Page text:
Original "About Westborough" Article from Westborough.com
[The following is text from the 'about Westborough' page on the old Westborough.com web site, originally located at http://www.westborough.com/westborough_history.htm and saved here for archival purposes. Please visit the Westborough History section of this web site to explore our current offerings. Thank you! -- webmaster]
"THE HUNDREDTH TOWN " By Kristina Nilson Allen
Before recorded time, Westborough had become known as a crossroads. As early as 7,000 B.C., prehistoric people in dugout canoes followed the Sudbury and Assabet Rivers to their headwaters in search of quartzite for tools and weapons. During the Late Woodland Period (1200-1600 A.D.), seasonal migrations brought Nipmuc Indians to hunt and fish near Cedar Swamp and Lake Hoccomocco. Using Fay Mountain as a landmark, Indians crisscrossed Westborough on well worn paths: the old Connecticut Path leading west from Massachusetts Bay; the Narragansett Trail leading south, and the trail (along the present Milk Street) leading to Canada.
The early English explorer John Oldham followed these trails through Westborough in 1633, and settlers in search of fertile farmlands followed not long after. By the late 1600s, a few families had settled near Lake Chauncy, in the "west borough" of Marlborough.
On November 18, 1717, Westborough was incorporated as the hundredth town in Massachusetts, populated by twenty-seven families. Soon large farms were carved out, mills built long the Assabet River and Jack Straw Brook, and taverns flourished. Westborough's first minister, Reverend Ebenezer Parkman, shepherded the growing town of colonists through the years toward independence from England. Forty-six minutemen from Westborough fought bravely under Captain Edmund Brigham in the Revolutionary War.
In 1810 the route from Boston to Worcester was straightened and improved into an official turnpike (the present Route 9), and along its Westborough route, the Wesson Tavern Common, Forbush Tavern and Nathan Fisher's store prospered. The center of commerce shifted downtown in 1824 with the arrival of the steam train through Westborough's center. The railroad brought a new era to the town industry: over the next century, local factories shipped boots and shoes, straw hats, sleighs, textiles, bicycles, and eventually abrasive products, across the nation. Westborough dairies supplied cities with milk and local greenhouses shipped out carnations, while the eight orchards found ready markets for their produce.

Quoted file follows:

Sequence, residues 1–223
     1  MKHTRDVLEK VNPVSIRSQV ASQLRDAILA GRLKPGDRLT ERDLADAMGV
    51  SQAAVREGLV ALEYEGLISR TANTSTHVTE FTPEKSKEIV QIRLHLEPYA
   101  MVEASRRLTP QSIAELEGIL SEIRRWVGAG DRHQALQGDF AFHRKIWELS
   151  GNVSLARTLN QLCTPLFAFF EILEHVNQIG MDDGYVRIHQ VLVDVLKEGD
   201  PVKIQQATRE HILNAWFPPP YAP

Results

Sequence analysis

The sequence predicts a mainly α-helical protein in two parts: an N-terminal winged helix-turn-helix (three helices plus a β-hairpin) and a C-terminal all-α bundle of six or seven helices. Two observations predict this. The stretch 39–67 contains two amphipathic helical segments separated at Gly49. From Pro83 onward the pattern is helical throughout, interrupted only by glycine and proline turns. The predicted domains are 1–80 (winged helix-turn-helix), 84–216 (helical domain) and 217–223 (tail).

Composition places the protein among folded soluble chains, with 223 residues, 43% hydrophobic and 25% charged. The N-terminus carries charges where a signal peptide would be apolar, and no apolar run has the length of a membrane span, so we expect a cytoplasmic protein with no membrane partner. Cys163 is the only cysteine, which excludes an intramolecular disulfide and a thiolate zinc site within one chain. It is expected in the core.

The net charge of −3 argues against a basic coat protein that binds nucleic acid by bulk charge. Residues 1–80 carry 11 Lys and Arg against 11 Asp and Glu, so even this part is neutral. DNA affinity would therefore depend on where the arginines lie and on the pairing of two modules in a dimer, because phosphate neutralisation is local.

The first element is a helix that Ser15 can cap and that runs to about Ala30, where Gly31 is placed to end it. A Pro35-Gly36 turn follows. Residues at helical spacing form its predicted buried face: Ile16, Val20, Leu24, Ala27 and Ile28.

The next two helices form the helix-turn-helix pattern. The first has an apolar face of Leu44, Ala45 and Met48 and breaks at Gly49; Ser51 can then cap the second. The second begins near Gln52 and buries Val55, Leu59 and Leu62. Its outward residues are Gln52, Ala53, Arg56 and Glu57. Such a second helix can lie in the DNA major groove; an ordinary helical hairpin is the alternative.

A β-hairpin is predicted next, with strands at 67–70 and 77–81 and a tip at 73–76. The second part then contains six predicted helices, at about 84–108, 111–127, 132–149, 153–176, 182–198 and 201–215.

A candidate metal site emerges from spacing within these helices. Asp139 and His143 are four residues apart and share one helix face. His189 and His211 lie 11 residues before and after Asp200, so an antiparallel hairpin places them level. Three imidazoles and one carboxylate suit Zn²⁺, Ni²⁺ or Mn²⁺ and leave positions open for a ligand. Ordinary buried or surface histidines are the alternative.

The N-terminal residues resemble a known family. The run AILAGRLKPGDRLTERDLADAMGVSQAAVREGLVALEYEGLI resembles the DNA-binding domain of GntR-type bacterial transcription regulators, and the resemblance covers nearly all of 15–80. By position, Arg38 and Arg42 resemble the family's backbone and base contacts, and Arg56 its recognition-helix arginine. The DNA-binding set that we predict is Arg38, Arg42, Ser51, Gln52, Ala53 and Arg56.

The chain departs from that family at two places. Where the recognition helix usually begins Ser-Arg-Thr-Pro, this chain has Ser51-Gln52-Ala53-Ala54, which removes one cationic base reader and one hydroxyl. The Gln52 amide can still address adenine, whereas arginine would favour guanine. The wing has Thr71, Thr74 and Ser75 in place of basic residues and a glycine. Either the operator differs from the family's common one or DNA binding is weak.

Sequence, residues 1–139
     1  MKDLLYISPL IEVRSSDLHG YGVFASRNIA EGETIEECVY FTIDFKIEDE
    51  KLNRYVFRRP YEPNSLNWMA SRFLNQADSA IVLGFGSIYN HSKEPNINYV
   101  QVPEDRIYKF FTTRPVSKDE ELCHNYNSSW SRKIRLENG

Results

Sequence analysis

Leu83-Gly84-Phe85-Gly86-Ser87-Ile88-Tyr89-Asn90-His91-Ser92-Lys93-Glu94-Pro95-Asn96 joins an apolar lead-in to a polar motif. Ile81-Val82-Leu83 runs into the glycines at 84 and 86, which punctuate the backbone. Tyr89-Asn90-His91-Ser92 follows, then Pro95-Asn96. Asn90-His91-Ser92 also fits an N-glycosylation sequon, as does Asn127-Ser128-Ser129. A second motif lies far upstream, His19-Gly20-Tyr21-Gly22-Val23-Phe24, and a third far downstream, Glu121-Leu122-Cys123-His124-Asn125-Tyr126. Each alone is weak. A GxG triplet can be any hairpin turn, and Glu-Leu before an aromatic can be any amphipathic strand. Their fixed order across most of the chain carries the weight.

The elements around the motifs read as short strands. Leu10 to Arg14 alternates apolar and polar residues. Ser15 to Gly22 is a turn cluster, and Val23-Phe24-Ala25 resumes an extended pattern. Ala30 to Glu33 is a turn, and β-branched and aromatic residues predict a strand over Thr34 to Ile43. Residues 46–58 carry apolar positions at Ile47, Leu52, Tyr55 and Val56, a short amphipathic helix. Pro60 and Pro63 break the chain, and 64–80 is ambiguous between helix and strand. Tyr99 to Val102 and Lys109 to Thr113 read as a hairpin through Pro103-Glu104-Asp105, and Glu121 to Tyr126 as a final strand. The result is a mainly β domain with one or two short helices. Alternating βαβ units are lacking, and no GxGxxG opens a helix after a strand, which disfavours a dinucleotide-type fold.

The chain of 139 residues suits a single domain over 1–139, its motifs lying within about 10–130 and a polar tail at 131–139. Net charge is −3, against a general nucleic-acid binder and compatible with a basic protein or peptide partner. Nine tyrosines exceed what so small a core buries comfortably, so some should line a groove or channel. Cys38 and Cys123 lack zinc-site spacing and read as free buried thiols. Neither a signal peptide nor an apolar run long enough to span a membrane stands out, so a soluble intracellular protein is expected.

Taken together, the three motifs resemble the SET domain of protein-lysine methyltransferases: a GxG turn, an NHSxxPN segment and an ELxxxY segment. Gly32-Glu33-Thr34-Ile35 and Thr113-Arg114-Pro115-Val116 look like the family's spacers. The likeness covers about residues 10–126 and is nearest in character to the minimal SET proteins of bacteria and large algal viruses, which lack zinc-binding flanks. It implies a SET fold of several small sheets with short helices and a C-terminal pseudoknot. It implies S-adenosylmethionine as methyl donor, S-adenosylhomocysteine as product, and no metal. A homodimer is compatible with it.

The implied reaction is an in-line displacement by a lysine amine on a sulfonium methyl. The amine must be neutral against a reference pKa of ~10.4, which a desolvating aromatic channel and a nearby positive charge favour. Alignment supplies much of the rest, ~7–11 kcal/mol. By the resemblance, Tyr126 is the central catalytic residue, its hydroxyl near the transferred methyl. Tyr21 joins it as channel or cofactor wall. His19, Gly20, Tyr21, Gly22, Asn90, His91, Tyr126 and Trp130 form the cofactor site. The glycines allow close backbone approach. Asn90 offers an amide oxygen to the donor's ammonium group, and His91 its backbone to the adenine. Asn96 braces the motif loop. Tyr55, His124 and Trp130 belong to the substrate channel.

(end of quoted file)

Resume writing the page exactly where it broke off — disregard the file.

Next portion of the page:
The industrial progress of the entire country is indebted to Westborough's most famous native son Eli Whitney Jr. Born in 1765, Whitney invented the cotton gin in 1795 after graduating from Yale, and in 1798 he introduced mass production to the United States at his Whitney Arms Company in New Haven, Connecticut. Whitney's legacy is apparent in the modern industries located within the town's borders: Astra Pharmaceuticals, Dover Electric, Proteon, the Massachusetts Microelectronics Center, and the world headquarters of Data General.
Westborough continues in its role as a major crossroads of New England: the Massachusetts Turnpike, Route 9 and Route 495 transect the town and have attracted major corporate, industrial and residential development. The "Hundredth Town" in Massachusetts, reflecting its proud heritage, continues to grow and prosper.
Books about Westborough
Cornfield Meet, By Glenn R. Parker Edited by Jan Curley Towne
A history of Trolleys in Westborough Available at the Westborough Historical Society
On the Beaten Path, By Kristina Nilson Allen (1984)
Hardcover Sherwin/Dodge,Printers * Not yet available on Amazon.com
The Diary of Ebenezer Parkman 1703-1782 : 1719-1755
by Francis G. Walett (Editor)
Hardcover (September 1974)
Amer Antiquarian Society; ISBN: 0912296046
People of the Fresh Water Lake : A Prehistory of Westborough, Massachusetts (American University Studies. Series Xi, Anthropology and Sociology, Vol)
by Curtis Hoffman
Hardcover (March 1991)
Peter Lang Publishing; ISBN: 0820412031